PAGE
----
Philosophical Presuppositions and Shifting Interpretations of Galileo
It is entirely appropriate that a discussion of shifting interpretations of Galileo should take as its terminus a quo the trés cher maître of so many of us who took up the history of science professionally immediately after the Second World War: the great Alexandre Koyré. With three or four other rare spirits he was one of those who showed by example the enlightenment that can be gained only by looking beneath the surface of immediate scientific results, by seeking to identify the intellectual and technical conditions that made certain discoveries possible and explanations acceptable to a particular generation or group, others not, and the same not to others. By displaying the science in historical relation to the philosophical assumptions, technical equipment, and social context of its designers and discoverers, they showed how the history of science could illuminate the nature both of European culture and of scientific thinking. This contextual approach establishes the identity of the history of science as a field of study. It shows it clearly to belong in its sources, content and methods of scholarship to history and philosophy, and equally clearly to require some special knowledge of the problems whose records are its primary materials. The history of science might be seen as a history of intellectual behaviour, in the sense both of a history recreating the past and of a comparative natural history of examples, a kind of philosophical anthropology.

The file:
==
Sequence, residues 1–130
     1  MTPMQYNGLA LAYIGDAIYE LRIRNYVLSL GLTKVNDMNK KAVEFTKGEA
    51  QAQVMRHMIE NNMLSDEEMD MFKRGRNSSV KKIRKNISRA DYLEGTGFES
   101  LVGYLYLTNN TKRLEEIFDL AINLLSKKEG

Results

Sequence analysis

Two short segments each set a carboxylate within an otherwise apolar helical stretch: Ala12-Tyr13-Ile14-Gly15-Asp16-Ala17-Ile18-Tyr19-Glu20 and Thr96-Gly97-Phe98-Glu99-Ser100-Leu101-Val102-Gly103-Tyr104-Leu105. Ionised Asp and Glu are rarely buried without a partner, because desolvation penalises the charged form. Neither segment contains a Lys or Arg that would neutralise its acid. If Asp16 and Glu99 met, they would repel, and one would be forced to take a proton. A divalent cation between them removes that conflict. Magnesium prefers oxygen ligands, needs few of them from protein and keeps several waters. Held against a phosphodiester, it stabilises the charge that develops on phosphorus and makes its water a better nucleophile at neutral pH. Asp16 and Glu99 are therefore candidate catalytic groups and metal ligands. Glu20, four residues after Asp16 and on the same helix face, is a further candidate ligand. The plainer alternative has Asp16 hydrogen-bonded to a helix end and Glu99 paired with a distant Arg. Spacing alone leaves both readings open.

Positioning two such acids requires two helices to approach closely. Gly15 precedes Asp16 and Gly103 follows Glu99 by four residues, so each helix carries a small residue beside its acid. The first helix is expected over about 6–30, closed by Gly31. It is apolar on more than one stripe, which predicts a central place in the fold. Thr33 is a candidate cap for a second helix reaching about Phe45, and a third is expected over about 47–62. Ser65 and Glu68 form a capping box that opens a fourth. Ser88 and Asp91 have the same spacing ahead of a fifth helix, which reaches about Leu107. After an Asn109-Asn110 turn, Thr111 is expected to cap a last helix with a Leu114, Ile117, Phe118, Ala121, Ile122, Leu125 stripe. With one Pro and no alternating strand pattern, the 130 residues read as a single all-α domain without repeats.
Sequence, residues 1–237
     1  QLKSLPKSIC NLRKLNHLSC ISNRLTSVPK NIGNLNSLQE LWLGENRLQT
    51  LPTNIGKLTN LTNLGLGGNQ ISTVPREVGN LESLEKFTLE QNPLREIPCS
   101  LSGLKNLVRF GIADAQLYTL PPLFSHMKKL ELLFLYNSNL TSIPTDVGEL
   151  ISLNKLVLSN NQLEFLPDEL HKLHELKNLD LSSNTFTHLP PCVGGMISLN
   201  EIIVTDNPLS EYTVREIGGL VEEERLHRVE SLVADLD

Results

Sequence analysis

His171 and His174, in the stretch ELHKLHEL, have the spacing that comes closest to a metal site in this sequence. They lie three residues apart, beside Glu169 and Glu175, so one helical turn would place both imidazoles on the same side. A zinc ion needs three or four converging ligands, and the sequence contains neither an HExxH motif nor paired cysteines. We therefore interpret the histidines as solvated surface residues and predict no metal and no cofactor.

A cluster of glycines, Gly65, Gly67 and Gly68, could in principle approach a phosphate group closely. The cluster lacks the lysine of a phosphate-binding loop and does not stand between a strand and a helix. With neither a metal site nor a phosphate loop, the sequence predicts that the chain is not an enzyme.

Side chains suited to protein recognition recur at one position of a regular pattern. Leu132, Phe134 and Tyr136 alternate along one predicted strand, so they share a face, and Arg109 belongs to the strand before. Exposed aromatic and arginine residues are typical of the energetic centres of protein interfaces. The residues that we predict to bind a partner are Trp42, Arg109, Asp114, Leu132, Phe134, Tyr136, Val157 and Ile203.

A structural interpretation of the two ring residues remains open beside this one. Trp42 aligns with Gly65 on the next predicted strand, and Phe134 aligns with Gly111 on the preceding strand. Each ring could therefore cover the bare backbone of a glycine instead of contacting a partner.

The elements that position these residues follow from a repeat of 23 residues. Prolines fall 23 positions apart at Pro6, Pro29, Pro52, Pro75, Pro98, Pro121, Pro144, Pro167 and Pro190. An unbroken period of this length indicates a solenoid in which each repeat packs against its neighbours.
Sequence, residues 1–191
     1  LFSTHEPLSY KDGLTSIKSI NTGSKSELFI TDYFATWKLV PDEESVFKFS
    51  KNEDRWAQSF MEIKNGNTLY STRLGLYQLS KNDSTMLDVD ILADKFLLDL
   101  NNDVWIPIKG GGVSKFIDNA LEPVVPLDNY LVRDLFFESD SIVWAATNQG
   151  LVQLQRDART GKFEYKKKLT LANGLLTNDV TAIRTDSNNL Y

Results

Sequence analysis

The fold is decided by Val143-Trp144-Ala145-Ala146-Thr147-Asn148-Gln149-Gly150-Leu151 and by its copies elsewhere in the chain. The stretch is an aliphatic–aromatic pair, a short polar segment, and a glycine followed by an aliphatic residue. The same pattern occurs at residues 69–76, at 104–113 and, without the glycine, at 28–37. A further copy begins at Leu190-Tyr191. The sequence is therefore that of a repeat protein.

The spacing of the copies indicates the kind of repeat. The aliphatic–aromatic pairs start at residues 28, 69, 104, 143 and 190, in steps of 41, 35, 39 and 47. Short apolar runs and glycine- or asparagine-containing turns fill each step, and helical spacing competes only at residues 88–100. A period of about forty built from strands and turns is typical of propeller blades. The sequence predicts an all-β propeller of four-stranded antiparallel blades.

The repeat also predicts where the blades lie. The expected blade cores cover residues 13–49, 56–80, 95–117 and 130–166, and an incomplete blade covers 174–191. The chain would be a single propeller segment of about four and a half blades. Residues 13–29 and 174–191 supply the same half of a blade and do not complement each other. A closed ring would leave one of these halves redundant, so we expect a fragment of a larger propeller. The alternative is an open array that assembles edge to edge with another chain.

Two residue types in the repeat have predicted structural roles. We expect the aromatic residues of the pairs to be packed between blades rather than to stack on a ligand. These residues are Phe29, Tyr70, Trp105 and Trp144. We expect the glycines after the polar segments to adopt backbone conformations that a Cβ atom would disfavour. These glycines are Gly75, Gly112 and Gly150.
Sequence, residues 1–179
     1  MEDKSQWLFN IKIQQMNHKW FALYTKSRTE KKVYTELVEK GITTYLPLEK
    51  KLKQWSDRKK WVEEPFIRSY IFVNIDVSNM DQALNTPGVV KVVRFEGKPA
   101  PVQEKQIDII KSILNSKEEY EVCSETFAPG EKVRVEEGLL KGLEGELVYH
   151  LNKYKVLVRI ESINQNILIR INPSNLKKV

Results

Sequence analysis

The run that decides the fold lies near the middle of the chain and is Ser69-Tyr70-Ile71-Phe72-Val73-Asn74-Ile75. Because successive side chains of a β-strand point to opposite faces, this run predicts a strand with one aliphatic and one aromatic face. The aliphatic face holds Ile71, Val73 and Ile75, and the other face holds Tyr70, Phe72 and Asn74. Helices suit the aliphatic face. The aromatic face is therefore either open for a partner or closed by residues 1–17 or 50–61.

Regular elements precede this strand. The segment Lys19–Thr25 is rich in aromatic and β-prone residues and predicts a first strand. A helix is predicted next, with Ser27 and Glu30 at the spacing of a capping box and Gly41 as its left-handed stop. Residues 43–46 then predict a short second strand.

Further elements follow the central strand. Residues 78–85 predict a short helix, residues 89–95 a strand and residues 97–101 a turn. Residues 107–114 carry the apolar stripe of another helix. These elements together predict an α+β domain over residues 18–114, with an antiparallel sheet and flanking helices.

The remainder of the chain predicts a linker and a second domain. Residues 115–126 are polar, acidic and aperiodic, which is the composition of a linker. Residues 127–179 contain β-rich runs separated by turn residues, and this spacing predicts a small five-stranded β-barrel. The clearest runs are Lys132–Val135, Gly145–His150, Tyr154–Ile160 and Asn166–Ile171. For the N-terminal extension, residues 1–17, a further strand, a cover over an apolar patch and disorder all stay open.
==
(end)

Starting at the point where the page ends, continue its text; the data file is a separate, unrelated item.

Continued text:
KeywordsScientific Thinking Physical Causation Philosophical Anthropology Intellectual Culture Intellectual Style
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